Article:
Photo of the day (37): Helicopsis striata

Helicopsis striata is an interesting species. This land snail live in glacial loess steppe habitats. It lives on such habitats since ice ages. Steppes are fragmented and changed by people but this species can not live elsewhere. This means that it is a glacial relict.

It is extinct in France, it is critically endangered in Germany, in Austria, in the Czech Republic and in Slovakia. It is endangered in Poland. But it lives in large areas in Europe and it is considered as Least Concern species.

The width of the shell of this specimen is 7.5 mm and the height of the shell is 5 mm.

Helicopsis striataHelicopsis striata 02

Helicopsis striata 03

I have taken the previous three photos in the laboratory and the following photos in situ.

The steppe habitat – Čenkov steppe in Slovakia:
Helicopsis striata 04 habitat

A more closer look shows few shells of Helicopsis striata and another rare species – a plant Ephedra distachya in the top right:
Helicopsis striata 05 habitat

Helicopsis striata 06

Helicopsis striata 07

Helicopsis striata 08

Helicopsis striata 09

References

Species summary for Helicopsis striata. AnimalBase, last change 4 January 2014,accessed 29 October 2014.

Beran L., Juřičková L. & Horsák M. 2005: Mollusca (měkkýši), pp. 69-74. – In: Farkač J., Král D. & Škorpík M. [eds.], Červený seznam ohrožených druhů České republiky. Bezobratlí. Red list of threatened species in the Czech Republic. Invertebrates. – Agentura ochrany přírody a krajiny ČR, Praha, 760 pp.

Horsák M., Juřičková L. & Picka J. 2013: Měkkýši České a Slovenské republiky. Molluscs of the Czech and Slovak Republics. Kabourek, Zlín, 264 pp. (in Czech and English). pages 133-134.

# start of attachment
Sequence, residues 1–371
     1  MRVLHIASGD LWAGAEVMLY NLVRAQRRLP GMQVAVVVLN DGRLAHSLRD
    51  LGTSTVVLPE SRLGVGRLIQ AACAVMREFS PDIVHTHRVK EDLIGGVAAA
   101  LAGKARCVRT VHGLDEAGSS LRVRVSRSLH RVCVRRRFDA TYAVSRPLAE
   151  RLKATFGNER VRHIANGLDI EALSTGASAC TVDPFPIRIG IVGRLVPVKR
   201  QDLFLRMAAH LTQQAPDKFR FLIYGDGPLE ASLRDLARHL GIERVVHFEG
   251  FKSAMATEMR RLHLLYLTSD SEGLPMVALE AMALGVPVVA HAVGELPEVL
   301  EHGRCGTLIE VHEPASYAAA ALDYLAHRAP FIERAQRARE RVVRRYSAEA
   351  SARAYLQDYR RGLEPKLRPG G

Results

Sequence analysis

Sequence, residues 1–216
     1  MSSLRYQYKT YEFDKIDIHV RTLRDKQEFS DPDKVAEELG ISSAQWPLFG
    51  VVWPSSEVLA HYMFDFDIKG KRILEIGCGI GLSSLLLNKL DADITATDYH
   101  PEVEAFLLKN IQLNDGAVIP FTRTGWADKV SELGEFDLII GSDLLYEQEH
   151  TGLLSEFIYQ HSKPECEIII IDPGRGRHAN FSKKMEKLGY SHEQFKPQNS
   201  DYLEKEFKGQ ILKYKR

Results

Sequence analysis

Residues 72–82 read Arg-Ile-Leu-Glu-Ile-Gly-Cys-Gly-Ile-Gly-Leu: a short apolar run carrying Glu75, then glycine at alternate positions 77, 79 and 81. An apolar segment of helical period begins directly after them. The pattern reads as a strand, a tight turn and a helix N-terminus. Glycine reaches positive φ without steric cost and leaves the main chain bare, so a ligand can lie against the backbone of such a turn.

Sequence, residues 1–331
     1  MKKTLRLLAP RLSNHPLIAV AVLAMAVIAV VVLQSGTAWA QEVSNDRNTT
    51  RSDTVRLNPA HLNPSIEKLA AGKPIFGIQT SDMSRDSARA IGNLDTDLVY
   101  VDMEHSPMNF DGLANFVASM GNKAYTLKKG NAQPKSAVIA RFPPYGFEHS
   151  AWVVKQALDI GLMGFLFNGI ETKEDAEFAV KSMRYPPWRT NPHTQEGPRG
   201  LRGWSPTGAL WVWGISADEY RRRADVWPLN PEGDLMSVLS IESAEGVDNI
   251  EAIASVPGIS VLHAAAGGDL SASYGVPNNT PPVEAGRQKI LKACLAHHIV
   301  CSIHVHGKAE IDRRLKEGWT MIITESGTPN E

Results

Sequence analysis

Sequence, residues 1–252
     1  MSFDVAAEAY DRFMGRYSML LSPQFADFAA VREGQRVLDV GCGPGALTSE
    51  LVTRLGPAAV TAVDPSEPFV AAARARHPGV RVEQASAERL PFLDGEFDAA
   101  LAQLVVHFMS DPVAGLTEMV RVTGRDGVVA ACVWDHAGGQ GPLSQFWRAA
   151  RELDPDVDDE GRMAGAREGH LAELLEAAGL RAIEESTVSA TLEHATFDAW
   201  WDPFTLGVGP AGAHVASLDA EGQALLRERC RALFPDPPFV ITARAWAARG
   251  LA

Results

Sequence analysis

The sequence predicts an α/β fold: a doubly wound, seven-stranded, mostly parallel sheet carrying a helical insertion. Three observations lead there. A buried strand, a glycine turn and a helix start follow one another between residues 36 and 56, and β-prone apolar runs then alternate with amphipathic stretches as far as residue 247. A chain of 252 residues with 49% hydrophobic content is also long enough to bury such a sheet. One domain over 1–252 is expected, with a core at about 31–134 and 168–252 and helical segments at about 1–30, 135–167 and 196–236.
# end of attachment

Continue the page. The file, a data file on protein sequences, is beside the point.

von Proschwitz, T. & Neubert, E. 2013. Helicopsis striata. The IUCN Red List of Threatened Species. Version 2014.2. <www.iucnredlist.org>. Downloaded on 29 October 2014.

Stępczak K. Helicopsis striata (O.F. Müller, 1774). Polish Red Data Book of Animals, accessed 29 October 2014.

Photo of the day (36): Flood deposits of Danube

Flood deposits include flood debris and shells of molluscs. Such assemblages of dead remnants of molluscs are called thanatocoenoses. Shells may com from any locality anywhere in the upper river drainage, but you can get shells of some species, that can not be obtained easily.

Flood debris from the Danube river in Slovakia:
Flood deposits of Danube in SlovakiaIt may seem, that there are only valves of a freshwater bivalve Corbicula fluminea.
flood deposits of Danube

But after a closer look there are many gastropod shells too. The following species of gastropods can be recognized on the photo:

  • Esperiana esperi – one oblong shell with dots in the right center
  • Esperiana daudebartii acicularis – one oblong shell on the top
  • Theodoxus fluviatilis – a small black shell with white dots in the center
  • Theodoxus danubialis – larger striped shells with a flat apertural plain
  • Lithoglyphus naticoides – white globular shells without the apertural plain

flood deposits of Danube - detail

There are also bivalves:

  • Corbicula fluminea – brown rounded ribbed valves
  • Dreissena polymorpha – two triangular valves on the top

Photo of the day (35): Potamopyrgus antipodarum

Potamopyrgus antipodarum is an invasive freshwater snail.

Right side view of the live snail in the laboratory. The width of the shell of this specimen is 3 mm and the height of the shell is 5 mm:

Potamopyrgus antipodarumThere are visible the following features on the photo: light brown shell, the white foot, dark snout, long tentacles and the small white dot near the eye. Detailed information about Potamopyrgus antipodarum are available at the Conchological Society of Great Britain and Ireland website.